Music may seem free when it flows from a radio, the television or an internet hookup, but like everything else someone has to pay.
Many Costa Rican residents have been slow to grasp that concept, and bootlegged CDs and video disks are sold openly on the streets, although sometimes there is police action.
Since 2004 mostly unseen to most residents, there have been organizations that collect fees for this music from television stations, cable television providers, radio stations and even bars and restaurants. Ultimately it is the residents who pay as the costs of music and videos are rolled into retail charges.
One organization represents authors and composers. A second represents those who actually sing or play the music. A third organization, the Asociación Costarricense de la Industria Fonográfica y Afines, represents the recording industry. All want to be paid.
Radio Columbia Estéreo, a holding of Grupo Columbia, just went public Thursday with a claim that the association is a threat to freedom of expression. The dispute between Grupo Columbia and the Asociación Costarricense de la Industria Fonográfica brought into public focus a conflict related to the enforcement of copyrights.
Grupo Columbia operates a string of popular stations in addition to Radio Columbia Estéreo. They are Radio Columbia, Radio 2, Wao, 95.5 Jazz, Noticias Columbia and Columbia Deportiva. The radio feeds also go to other stations.
Asociación Costarricense de la Industria Fonográfica has obtained a court order to take over the assets of Radio Columbia Estéreo because the association and the radio station have not reached a financial agreement. Radio Columbia Estéreo says the association wants 296 million colons, about $545,000. Police and representatives of the association showed up at the station to enforce the court order, called an embargo in Spanish.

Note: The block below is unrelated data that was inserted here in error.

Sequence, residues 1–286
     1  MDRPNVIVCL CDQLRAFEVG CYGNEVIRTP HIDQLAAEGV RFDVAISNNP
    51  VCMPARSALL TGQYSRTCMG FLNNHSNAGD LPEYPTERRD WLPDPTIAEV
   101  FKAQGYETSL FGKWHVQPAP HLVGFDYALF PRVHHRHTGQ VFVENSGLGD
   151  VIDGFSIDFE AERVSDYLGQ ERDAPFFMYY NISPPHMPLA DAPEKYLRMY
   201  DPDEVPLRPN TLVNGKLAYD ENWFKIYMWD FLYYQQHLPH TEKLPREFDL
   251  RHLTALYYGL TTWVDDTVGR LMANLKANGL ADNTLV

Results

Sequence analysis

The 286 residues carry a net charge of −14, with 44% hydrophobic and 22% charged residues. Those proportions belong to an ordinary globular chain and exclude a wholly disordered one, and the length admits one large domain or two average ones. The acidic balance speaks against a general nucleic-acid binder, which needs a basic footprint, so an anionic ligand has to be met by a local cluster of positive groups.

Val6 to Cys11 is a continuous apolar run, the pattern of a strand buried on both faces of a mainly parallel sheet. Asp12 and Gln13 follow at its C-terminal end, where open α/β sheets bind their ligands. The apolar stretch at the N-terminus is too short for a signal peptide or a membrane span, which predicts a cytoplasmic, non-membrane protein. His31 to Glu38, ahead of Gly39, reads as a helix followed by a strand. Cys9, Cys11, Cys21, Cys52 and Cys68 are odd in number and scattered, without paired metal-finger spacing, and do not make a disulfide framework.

The Asociación Costarricense de la Industria Fonográfica says its 2009 claim is against LARG S.A., which it identified as the owner of Radio Columbia Estéreo. The association cites a 1982 law that allows it to collect for the use of the copyrighted material.
The association said that it tried to negotiate for months without success with radio stations and the Cámara Nacional de Radio. MARCOSA S.A., which operates Radio Puntarenas, reached an agreement, the association said, adding that it has not even been able to get an appointment with executives at Radio Colombia Estéreo since June.
The radio station said in a statement that the money claims of the association are disproportionate and it disputes the way the amount was calculated.
The radio station seems primed to continue the fight in both the judicial and public arena.
The association predicted that Radio Columbia Estéreo and other stations as well as the radio chamber would begin a campaign with false arguments to manipulate the public sector.
Although the radio group seems ready for a fight, the opponent is not without resources. The board of the association contains representatives from Universal Música Costa Rica S.A., Warner Music Centroamérica S.A. and Sony Music Entertaiment C.R. S.A.